Harry Polachek received his undergraduate degree in mathematics from Yeshiva University and a masters degree from Columbia University. For financial reasons, he attended Columbia part time to complete the course work for his PhD. During the war, he took a job at Aberdeen Proving Ground, computing firing tables using the Bush Differential Analyser. He finished his dissertation at Columbia after the war. Polachek recalls being introduced to the work on the ENIAC at the University of Pennsylvania as part of his work at Aberdeen. He also met John von Neumann for the first time. After the war, he began his career with the Navy, joining the Navy Bureau of Ordnance and moving on the the Naval Ordnance Laboratory and the David Taylor Model Basin. He recounts his interaction with John von Neumann on a range of problems in computing, including explosives, shock waves, and Mach effects. He relates the story of the design and development of the Naval Ordnance Research Calculator (NORC) (in which John von Neumann had a hand) and the development of the UNIVAC at the David Taylor Model Basin.
Key words: firing tables, Bush Differential Analyzer, explosives, shock waves, Mach effect, Manhattan Project, shaped charges, MARK I, IBM Selective Sequence Electronic Calculator, Naval Ordnance Research Calculator (NORC), UNIVAC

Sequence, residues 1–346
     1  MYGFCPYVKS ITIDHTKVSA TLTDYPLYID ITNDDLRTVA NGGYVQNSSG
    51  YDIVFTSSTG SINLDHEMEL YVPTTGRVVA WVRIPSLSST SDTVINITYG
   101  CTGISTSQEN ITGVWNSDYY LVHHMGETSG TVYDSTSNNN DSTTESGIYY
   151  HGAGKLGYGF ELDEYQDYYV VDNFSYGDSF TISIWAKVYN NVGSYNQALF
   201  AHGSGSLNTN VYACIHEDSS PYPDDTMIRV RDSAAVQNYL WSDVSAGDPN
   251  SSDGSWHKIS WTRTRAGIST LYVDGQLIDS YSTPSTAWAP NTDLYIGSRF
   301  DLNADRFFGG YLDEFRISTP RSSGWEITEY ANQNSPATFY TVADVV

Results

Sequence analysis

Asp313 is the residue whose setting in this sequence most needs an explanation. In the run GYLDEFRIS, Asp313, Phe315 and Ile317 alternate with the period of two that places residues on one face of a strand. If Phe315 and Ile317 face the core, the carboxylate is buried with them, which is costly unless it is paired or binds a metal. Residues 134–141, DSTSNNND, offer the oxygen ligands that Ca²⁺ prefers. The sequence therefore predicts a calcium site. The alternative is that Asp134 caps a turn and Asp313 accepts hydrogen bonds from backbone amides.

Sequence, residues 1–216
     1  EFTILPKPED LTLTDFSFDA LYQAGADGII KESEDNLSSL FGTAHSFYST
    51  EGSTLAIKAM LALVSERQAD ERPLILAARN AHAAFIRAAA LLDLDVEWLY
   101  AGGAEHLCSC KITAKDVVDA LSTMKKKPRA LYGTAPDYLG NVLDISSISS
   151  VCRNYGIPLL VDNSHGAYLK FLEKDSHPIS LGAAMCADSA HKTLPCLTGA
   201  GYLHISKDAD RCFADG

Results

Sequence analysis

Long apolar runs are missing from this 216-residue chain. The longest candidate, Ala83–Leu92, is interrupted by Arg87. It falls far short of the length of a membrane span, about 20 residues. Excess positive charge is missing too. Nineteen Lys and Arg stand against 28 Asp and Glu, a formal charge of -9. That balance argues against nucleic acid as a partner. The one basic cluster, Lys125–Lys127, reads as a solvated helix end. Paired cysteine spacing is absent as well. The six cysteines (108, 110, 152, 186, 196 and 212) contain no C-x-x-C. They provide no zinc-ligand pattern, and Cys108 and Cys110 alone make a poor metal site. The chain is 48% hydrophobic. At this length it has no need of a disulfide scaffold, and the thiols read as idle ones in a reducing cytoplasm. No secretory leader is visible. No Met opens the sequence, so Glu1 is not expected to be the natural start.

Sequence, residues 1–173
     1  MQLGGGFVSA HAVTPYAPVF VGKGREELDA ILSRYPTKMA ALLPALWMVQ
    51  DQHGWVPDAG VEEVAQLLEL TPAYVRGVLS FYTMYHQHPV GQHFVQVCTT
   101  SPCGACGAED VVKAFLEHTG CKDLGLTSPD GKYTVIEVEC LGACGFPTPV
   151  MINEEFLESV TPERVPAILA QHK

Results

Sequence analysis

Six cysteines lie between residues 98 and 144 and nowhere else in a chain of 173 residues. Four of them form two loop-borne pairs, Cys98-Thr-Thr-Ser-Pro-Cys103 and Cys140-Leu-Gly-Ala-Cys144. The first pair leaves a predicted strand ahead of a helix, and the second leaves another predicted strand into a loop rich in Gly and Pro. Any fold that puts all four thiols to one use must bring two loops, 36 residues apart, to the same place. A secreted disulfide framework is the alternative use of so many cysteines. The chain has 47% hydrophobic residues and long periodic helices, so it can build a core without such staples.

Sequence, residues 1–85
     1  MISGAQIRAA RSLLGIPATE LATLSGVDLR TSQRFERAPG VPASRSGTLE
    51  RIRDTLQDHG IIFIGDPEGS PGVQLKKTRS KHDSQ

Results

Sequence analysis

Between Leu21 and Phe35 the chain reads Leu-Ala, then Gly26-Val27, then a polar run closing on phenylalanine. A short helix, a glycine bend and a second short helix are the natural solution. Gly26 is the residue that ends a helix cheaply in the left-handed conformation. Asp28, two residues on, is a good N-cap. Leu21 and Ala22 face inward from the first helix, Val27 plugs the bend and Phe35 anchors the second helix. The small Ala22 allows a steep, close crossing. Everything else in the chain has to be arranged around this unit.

Funding agency: U. S. Army, U.S. Navy
Time frame: 1940's, 1950's, 1960's
People: John von Neumann, Richard Courant, Kurt Friedrichs, Feodor Theilheimer, John W. Wrench, Daniel Shanks, Betty Holberton, John Holberton
Locations: Aberdeen Proving Ground, Ballistics Research Laboratory, Navy Bureau of Ordnance, Institute for Advanced Study, Naval Ordnance Laboratory, IBM Watson Laboratory -New York City, David Taylor Model Basin
Copyright: Computer Oral History Center, Lemelson Center for the Study of Invention and Innovation http://Invention.Smithsonian.Org/Resources/Fa_Comporalhist_Index.Aspx
Smithsonian National Museum of American History